God: what's in a name? (was Gnosticism & Darwin)
- hi PMCV... you wrote: "The very point of the "Demiurge" is to point out aproblem with what most people call "God". Jews, Christians, Muslems,even atheists... they all worship the Demiurge in one way or another.Animists, and various tribal religions the world over, some forms ofBuddhism (though perhaps not other forms) and so on, many of themworship the Demiurge. Perception is a function of the Demiurge, as is lifeon this Earth.... at least according to the Gnostic sources. What most
people the world over call "God" is, in fact, the Demiurge. Can you
see where my confusion is coming from? At one moment you say you are
not talking about the Demiurge, and in another moment you seem to
say you are.
"In Gnosticism the "Source" is more than just "infinite"
or "ineffable"... in fact there are three types of infinity... but
the Gnostic source is truely apophatic."sorry for the confusion but, as i suspected, i think it was inevitable.there are so many models and understandings in this world about whatGod "really" is or isn't and, as far as i know, the Gnostic models, mythsand cosmogonies are probably among the least understood and employed.and, of course, its only natural for one to project one's understanding ofGod or "the divine" or whatever conceptions one holds upon another'sconceptions. i can imagine how easily, if i held Gnostic convictions, everytime i hear an evangelist invoking the OT God thinking to myself how he orshe doesn't realize they are "really" invoking the Demiurge. and thatwould be projection on my part since chances are the evangelist doesn'tbelieve in a Gnostic cosmogony, nor do i have any clue how this personconceives of God in addition to any dogmatic conceptions they mayembrace: for all i know it may be quite sophisticated and more or less asvalid as any conception i hold.i do agree that "at least according to the Gnostic sources... The very pointof the 'Demiurge' is to point out a problem with what most people call'God' ". i think most "orthodox" conceptions of God are very primitive andspiritually immature on the surface, but most people i've spoken to on thissubject -- those who are not slaves to dogmatic thought -- do have a welldeveloped conception of God that far transcends the rather brutal andsimplistic conceptions they were initially exposed to, i.e., they're not stupidnor completely robotic, nor do they conceive of God as cruel, stupid andblundering. the main problem they seem to have is in trying to reconcilewhat seems like common sense and an intuition of the heart with the"presentation" of God within the scriptures they find meaningful and/orholy. and there are a variety of ways they accomplish this, one being(thank you Gich for reminding me) a more or less apothatic process[apothatic: of or relating to the belief that God can be known to humans onlyin terms of what He is not (such as `God is unknowable')].the bottom line for me is that i do not arrive here carrying any Gnosticbeliefs about the nature of God, "the divine" or the Demiurge. i'm veryinterested in Gnosticism but i don't consider myself a Gnostic nor do i aspireto become a "Gnostic." i don't even imagine such a being as the Demiurgeeven exists. i'm simply not illuminated enough to speak lucidly about thenature of the ultimate God (or First Father as you suggest below). soconfusion is only natural. those who have tasted, know, says Rumi. i diedand visited the other side and i still don't know!!PMVC writes:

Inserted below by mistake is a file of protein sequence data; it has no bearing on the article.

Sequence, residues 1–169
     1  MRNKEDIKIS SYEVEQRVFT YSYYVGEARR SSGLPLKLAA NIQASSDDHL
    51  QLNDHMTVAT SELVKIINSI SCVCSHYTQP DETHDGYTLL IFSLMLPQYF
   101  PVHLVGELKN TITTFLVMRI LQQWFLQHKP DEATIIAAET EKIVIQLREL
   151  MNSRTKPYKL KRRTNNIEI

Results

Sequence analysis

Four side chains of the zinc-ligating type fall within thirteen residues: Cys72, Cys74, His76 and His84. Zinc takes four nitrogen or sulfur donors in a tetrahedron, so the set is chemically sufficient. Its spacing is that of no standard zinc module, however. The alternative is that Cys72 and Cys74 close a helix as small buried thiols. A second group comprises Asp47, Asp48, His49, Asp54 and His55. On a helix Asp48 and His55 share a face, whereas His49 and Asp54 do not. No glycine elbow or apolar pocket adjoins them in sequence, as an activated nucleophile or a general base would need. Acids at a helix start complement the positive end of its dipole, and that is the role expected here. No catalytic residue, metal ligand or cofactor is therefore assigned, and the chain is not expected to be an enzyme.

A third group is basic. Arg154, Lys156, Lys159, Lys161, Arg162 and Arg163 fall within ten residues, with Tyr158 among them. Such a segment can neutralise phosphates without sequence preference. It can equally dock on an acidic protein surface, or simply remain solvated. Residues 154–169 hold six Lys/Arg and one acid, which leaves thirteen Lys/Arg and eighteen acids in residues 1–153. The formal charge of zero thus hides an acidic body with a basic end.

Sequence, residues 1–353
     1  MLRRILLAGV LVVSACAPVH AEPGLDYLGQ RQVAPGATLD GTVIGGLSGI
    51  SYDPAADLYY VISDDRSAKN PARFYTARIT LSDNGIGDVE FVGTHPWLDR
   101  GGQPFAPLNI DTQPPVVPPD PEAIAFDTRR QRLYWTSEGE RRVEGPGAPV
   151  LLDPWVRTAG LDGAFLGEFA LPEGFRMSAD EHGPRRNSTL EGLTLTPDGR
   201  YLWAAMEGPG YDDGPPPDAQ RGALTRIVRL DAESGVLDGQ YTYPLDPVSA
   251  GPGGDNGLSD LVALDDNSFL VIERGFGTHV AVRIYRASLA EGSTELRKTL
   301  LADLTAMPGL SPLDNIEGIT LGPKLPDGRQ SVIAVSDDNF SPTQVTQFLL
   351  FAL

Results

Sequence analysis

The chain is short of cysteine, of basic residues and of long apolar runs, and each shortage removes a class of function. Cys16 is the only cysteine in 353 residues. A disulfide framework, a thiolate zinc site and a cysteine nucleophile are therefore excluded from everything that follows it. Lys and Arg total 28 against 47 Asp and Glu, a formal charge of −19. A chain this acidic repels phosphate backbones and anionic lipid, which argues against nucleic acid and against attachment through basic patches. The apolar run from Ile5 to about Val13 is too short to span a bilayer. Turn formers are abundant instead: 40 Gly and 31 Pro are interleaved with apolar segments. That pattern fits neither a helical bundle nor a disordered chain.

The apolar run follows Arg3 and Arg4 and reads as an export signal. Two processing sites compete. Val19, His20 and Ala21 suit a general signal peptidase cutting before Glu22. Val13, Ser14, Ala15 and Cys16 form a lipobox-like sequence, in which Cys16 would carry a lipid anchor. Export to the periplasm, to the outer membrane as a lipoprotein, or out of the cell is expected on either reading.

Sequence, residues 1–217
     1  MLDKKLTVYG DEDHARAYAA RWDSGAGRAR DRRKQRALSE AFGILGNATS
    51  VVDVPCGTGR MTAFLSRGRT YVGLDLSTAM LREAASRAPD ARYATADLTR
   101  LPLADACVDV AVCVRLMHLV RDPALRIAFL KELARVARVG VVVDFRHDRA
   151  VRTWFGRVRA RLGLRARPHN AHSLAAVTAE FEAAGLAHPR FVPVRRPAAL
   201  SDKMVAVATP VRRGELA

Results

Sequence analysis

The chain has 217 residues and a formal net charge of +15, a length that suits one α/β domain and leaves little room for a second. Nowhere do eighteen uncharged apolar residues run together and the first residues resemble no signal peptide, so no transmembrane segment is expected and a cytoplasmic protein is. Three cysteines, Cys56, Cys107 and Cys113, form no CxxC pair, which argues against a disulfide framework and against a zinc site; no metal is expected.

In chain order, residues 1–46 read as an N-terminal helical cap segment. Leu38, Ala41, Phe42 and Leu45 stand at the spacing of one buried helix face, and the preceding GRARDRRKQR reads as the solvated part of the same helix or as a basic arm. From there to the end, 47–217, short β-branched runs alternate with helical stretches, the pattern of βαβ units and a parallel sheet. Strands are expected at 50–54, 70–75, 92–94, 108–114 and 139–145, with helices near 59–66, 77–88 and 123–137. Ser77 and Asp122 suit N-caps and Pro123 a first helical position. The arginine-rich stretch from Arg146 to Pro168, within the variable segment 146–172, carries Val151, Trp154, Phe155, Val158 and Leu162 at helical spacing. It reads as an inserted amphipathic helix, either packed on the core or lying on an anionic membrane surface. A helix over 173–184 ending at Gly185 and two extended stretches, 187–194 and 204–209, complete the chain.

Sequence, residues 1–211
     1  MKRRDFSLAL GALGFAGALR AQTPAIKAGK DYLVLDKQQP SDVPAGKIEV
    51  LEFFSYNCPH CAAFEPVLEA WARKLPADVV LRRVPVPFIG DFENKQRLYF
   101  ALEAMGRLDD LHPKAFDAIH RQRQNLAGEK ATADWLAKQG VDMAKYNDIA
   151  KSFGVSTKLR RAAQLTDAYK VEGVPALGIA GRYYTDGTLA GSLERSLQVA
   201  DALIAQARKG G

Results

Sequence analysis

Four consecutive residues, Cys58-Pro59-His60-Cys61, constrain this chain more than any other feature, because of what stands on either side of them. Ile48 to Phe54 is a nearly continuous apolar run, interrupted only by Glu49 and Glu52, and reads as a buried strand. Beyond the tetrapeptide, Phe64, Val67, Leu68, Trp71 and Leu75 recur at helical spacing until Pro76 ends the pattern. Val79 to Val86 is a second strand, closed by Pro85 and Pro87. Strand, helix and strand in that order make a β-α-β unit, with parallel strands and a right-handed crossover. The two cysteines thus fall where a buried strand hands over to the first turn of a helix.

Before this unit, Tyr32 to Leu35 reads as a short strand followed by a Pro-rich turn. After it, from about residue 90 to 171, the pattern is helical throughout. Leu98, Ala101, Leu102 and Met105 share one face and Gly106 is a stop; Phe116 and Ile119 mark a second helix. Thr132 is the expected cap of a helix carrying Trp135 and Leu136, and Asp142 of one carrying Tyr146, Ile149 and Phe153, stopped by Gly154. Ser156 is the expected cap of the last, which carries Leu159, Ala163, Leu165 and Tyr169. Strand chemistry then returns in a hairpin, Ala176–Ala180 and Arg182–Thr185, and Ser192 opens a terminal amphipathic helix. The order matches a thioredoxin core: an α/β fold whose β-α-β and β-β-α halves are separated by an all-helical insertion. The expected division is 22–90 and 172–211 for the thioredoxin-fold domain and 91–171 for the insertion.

>>>"since there are multiple Gnostic mythologies/cosmogonies,some of
which had much less flattering opinions of the Demiurge than others, whatare you suggesting we use as a source for our nomenclature here? thislooks like it could get pretty sticky without a sizable consensus amongst us.i'm willing to seriously consider anything you have to offer. i'm pretty flexiblewith this sort of thing."<<
"I really meant to say... that we should make clear when we are talking aboutthe First Father, the Second Father (Barbelo), the later Aeons (Sophia andLogos), or the Demiurge. Whether we wish to put a positive or negative spinon the Demiurge is really not so important, I only wish for us to all make clearwhen we are talking about one of these four basic forms of "Divine" at anyparticular moment so that we know which page we are on at that specific time.
Since we are talking about Gnosticism, maybe we should use the language ofGnosticism rather than personal terms.... just so that we understand eachother. See what I mean?